What is contemporary dance?
How is it different from modern dance, or jazz dance?
Good questions that get asked a lot! And not just by newcomers to dance.
It seems the entire dance community is trying to sort it all out…
- Four months ago, I got an e-mail from a reader who e-mailed me wondering if I had written anything on the topic. Seems she had been to some workshops and asked around, hoping for some clarification on the term. She came up empty.
- Our new columnist, Heather Vaughan-Southard recently called describing contemporary dance ‘The Next Verbal Challenge‘ on her EducatingDancers blog.
- And that was expounding on a conversation happening on Twitter (in 140 characters) and mentioned by Jordon Cloud on her blog about the differences between contemporary and modern dance.
- And fellow dance writer and Houstonian, Nancy Wozny, penned The Contemporary Conundrum for Dance Spirit Magazine. It’s not a new article but the questions sure are familiar.
The point is, this is an ongoing conversation. I’m sure none of us were the first and we are obviously not the last thinking, processing, and scribbling about it.
EDITOR’S UPDATE: More scribblings
- So you think you can tell me… what contemporary dance is? (Sarah Linstra)
- How do you define Contemporary Dance? (Dance Studio Life)
- What Is “Contemporary” Dance? (Dance Doc’s Think Tank)
- What Is Contemporary, According To Nigel Lythgoe (Wet Paint – SYTYCD)
- ‘Contemporary’ Dance, My Take On It (MaryJane O’Reilly)
- What is the difference between “Modern Dance” and ” Contemporary Dance”?
I’ll add more interesting articles as I find them.
I’ve been sitting on this post really, picking at it until I felt like I’d nailed it. Problem is, it refuses to be nailed. The subject really should be (and probably is) somebody’s Master’s thesis.
BUT it deserves to be talked about among undergrads and younger students as well. Students need to hear the perspectives and some of the history and experiences behind them.
And so I throw my thoughts into the fray. A scholar I am not, but let’s see where they go and what you do with them, shall we?
I’ll start with my Bottom Line first…
(you’ll forgive the language, I hope)
Labels suck but we kind of need them.
Can ‘contemporary’ be taught?
You have probably heard the term Contemporary Dance used as a noun (as in, “I am taking Contemporary Dance lessons,” or “That dance was Contemporary, not Jazz.”).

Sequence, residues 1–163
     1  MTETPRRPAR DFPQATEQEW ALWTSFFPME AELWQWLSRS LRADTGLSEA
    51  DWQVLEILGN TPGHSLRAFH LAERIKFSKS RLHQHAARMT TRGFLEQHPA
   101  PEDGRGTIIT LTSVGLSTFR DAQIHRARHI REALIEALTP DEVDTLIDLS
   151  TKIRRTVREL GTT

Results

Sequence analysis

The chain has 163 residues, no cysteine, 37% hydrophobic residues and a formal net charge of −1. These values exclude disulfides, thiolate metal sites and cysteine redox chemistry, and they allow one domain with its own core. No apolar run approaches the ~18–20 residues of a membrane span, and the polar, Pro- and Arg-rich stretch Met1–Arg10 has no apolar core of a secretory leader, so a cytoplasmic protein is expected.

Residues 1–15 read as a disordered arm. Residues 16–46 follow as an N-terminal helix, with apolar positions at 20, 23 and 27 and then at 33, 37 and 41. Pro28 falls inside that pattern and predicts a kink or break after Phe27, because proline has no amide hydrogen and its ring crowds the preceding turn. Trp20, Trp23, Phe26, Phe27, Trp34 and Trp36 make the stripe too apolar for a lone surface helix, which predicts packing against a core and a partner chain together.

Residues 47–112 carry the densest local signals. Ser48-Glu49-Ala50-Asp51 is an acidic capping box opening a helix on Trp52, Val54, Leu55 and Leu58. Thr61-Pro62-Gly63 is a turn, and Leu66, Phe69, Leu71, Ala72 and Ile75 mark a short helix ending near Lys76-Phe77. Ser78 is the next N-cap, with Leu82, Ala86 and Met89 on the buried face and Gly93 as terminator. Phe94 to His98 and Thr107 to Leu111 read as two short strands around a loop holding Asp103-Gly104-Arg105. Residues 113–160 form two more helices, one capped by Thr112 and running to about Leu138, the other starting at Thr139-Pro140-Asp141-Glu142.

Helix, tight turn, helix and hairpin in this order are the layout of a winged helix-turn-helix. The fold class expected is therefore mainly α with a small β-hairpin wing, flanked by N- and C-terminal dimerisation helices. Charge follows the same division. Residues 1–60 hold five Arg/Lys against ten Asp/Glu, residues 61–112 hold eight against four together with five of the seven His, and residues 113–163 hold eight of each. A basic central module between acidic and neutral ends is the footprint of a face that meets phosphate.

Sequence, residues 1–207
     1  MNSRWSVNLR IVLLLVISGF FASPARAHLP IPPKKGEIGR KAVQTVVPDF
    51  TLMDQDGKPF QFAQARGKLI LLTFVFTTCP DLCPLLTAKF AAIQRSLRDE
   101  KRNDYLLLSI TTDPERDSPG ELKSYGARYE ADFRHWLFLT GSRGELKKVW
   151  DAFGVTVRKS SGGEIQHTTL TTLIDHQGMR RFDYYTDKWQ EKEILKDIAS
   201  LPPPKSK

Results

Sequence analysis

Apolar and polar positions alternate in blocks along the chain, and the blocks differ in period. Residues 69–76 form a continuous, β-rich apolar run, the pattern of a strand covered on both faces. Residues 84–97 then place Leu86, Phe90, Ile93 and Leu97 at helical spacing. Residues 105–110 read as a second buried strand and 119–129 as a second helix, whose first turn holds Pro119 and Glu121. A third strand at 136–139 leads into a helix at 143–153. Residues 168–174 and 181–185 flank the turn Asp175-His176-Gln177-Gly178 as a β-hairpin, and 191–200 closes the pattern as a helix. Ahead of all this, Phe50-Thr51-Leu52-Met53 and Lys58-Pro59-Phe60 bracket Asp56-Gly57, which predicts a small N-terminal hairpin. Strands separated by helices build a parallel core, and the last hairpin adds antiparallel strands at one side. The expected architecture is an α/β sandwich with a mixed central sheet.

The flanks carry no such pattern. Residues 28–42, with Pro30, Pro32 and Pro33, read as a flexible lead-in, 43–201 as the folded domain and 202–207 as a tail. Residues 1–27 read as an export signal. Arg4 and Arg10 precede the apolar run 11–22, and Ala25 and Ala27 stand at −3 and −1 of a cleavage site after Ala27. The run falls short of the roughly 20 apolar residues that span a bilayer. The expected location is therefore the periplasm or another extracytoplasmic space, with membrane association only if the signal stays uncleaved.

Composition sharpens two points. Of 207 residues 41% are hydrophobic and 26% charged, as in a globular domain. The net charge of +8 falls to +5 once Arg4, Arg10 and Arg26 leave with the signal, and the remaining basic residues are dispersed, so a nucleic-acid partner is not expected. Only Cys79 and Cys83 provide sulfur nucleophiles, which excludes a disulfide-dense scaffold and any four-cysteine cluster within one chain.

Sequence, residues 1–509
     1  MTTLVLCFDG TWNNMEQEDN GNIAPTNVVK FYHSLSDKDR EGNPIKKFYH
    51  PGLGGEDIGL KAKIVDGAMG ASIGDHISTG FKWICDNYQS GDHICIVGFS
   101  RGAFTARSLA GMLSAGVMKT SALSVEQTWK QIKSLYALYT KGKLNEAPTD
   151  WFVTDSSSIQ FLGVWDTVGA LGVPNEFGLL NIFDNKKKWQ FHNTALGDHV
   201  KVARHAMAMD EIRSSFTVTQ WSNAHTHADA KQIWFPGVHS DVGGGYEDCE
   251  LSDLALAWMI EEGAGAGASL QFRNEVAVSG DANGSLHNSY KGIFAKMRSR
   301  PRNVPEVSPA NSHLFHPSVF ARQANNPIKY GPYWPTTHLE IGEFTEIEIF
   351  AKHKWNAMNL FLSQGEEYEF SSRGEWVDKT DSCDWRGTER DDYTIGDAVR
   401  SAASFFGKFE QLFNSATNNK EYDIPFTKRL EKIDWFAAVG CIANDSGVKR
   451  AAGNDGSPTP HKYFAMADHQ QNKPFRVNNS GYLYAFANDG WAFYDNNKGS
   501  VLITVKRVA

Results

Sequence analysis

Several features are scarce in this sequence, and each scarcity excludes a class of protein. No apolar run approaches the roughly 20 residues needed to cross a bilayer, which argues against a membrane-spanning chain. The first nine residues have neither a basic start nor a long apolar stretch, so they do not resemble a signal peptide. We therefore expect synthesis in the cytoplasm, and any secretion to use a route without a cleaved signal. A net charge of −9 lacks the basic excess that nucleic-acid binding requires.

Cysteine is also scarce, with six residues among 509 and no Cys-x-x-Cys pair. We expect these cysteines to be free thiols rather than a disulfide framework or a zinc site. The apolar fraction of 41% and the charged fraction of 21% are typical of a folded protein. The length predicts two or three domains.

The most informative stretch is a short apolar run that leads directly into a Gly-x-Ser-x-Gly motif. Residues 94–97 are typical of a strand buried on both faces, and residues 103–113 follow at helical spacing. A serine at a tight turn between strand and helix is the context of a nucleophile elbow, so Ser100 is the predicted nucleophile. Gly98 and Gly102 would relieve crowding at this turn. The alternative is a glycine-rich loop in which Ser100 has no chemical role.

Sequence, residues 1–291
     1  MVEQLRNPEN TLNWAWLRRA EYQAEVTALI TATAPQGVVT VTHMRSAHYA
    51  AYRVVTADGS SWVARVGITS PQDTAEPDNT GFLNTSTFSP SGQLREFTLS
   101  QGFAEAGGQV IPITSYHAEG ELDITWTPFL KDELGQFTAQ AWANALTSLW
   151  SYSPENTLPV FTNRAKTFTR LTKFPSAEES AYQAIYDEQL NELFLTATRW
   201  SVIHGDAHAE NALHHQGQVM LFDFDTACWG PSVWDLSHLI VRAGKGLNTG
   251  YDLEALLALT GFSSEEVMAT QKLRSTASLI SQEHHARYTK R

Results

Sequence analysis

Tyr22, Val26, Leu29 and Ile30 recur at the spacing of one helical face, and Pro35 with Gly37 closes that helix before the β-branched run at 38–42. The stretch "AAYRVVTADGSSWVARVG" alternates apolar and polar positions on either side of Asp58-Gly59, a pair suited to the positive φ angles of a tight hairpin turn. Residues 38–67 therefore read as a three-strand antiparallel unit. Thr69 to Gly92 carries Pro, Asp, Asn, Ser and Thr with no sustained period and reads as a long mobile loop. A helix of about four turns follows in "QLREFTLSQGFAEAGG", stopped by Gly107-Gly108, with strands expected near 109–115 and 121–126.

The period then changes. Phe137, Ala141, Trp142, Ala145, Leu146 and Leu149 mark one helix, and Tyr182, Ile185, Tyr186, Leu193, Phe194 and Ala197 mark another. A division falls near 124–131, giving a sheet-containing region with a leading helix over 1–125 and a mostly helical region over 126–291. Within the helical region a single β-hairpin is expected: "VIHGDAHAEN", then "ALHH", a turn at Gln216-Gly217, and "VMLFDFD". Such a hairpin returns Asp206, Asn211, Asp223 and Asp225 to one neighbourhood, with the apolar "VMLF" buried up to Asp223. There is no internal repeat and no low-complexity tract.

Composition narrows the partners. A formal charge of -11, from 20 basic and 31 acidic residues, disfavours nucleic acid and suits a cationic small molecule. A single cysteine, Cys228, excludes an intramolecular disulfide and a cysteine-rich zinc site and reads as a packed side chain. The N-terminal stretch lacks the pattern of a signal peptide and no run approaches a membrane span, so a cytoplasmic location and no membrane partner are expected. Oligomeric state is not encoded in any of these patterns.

Maybe I’m just splitting hairs, but I’m not fond of contemporary dance as a term for something learned or taught. And referring to it as a dance form, style, or genre usually raises hairs on the back of my neck, too.
Teachers use strategic techniques and methods to prepare dancers for the work they do in performance. There are dance techniques or methods (Graham, Humphrey, Horton, Limon, Hawkins, Dunham, Cunningham, or Vaganova, Cecchetti, Bournonville, or Giordano, Luigi, Mattox.) that can be taught.
If you are currently taking “Modern Dance”, your training may blend multiple training methods within the same class. Many schools and studios have moved away from teaching these techniques in their purest form.
From where I stand, techniques (long-term training methods) in contemporary dance have not emerged, though I can’t say this won’t or isn’t changing as I write this.
Perhaps a “contemporary dance class” would thoroughly blend modern, jazz, and ballet techniques. But isn’t this triad already covered in most concert and commercial dance training already?
What does ‘contemporary’ look like?
In general, contemporary dancers (dancers of right now) are on a quest which lies at the heart of all evolutionary art-making… the search for something that feels new or now. They…
- are interested in blending or drawing from the ballet, jazz, modern, and other techniques in which they’ve trained
- are athletic and have a strong technical focus which allows them to move between and bend genres with ease
- are willing to borrow or dabble in ideas and approaches to choreography from the past
- often experiment with movement disciplines outside the realms of theatrical or concert dance.
The characteristics of contemporary dance reflect these interests and goals but I can’t identify a ‘look’ to the movement or choreography among those that call themselves contemporary dancers.
Is contemporary commercial or concert?
Some dance, like the choreography on So You Think You Can Dance, appeals very much to our popular culture’s sense of taste. The show’s artists simultaneously appeal to and establish commercial tastes, or aesthetics.
Concert dancers and companies affect, and are affected by contemporary trends as they broaden the definition of dance. Lines are blurry. Concert dance companies are taking notes on marketing their artwork and *gasp!* maybe even welcome commercial appeal. Commercial dancers raise the bar with the level of artistry in their work.